A provincial police service. A provincial train service.
That’s what the DA is promising South African voters – in conflict with current legislation and, at least partially, the party’s own manifesto.
DA election posters state, without explanation: “A provincial rail service for all”, accompanied by the party’s logo.
Some voters may take the posters to mean that it is within the party’s remit to make a provincial rail service happen, but that is not currently the case.
What provincial governments are able to do when it comes to public transport is constrained by the Constitution. While Schedule 4 of the Constitution lists public transport as one of the areas of governance subject to “concurrent national and provincial legislative competence” – in other words, a shared responsibility – national government is still ultimately responsible for “legislation, policy formulation, coordination of its implementation, strategic planning and leadership” when it comes to the rail sector, to quote the government’s 2017 White Paper on National Rail Policy.
The DA knows this. In the most charitable reading of its posters, the party might be assumed to be saying “vote for us, and when we are in charge of national government we will devolve control of the rail system to provinces” – in the same way that the EFF’s manifesto essentially says “vote for us, and when we are in charge of national government we will outlaw individual land ownership”.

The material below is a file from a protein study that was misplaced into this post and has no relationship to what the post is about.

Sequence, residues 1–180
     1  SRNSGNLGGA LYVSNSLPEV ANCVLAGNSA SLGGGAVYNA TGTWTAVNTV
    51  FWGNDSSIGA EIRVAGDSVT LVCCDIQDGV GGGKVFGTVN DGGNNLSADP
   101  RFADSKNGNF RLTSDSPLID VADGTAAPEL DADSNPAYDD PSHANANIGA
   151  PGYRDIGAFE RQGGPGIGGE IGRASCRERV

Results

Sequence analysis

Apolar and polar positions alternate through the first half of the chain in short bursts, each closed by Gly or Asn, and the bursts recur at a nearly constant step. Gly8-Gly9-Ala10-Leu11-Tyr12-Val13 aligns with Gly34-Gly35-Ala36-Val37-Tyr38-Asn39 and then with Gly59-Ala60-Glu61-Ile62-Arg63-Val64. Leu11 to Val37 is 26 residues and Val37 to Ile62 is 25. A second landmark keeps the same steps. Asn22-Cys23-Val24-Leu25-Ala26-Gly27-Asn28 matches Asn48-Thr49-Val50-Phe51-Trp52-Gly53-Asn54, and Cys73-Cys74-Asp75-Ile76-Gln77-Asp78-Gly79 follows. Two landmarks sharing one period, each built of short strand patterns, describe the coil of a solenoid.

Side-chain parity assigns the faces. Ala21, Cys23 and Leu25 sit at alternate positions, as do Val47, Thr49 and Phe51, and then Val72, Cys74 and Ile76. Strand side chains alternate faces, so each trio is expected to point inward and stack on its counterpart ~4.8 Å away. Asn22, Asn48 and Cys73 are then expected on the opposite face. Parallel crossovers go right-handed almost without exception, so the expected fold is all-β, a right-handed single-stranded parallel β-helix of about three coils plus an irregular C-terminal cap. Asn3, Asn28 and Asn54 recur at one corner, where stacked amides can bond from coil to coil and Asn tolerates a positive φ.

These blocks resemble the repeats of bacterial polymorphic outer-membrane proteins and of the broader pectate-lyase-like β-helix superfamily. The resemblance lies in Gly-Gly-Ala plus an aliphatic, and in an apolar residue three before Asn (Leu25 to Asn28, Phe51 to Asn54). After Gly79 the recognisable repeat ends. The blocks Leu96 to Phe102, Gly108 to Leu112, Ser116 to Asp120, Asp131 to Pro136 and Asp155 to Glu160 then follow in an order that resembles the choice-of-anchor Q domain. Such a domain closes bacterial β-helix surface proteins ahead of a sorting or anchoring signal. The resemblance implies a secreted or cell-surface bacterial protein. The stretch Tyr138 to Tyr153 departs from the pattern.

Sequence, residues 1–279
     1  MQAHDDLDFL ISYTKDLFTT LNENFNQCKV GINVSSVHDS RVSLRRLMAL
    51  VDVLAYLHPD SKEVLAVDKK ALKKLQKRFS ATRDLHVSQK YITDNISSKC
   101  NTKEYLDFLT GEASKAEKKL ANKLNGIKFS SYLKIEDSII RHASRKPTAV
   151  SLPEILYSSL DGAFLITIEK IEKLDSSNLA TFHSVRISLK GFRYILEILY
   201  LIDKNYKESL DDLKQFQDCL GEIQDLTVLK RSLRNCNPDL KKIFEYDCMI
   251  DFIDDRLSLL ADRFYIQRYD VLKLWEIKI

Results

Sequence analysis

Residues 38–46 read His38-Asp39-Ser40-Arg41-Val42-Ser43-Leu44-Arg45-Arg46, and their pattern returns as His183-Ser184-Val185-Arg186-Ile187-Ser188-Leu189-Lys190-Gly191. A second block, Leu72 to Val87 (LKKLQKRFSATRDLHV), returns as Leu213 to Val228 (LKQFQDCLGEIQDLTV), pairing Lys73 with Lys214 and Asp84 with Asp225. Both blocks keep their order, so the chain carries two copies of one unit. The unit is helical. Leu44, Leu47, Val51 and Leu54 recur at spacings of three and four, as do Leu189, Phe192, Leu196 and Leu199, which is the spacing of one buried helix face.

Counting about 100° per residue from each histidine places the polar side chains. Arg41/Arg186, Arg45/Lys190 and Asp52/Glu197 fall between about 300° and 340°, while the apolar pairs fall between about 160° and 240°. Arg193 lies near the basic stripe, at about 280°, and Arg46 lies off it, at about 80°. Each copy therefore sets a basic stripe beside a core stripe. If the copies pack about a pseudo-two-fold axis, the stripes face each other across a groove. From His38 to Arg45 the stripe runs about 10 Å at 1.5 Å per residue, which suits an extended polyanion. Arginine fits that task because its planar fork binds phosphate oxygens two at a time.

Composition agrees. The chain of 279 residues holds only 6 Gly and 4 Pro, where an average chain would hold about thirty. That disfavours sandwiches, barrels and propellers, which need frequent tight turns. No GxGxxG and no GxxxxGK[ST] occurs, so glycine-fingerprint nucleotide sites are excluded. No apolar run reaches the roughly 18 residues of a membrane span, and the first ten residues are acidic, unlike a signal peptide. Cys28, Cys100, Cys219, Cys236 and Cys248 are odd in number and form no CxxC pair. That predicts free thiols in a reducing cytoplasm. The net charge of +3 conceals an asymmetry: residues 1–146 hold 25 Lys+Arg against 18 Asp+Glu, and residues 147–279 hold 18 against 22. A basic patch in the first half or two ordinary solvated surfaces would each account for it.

In the most cynical reading of its posters, the party is depending on voters believing that it is currently within the DA’s power to bring in its own rail and police services in the provinces it governs.
But to complicate matters, the DA’s election manifesto does not promise voters even that it will fight for the introduction of provincial rail service.
Instead, the manifesto states that a DA national government “will look to devolve the operation of train services in well-functioning metros, such as the City of Cape Town”.
This is quite different, since it involves controlling train services at the metro level rather than the provincial level.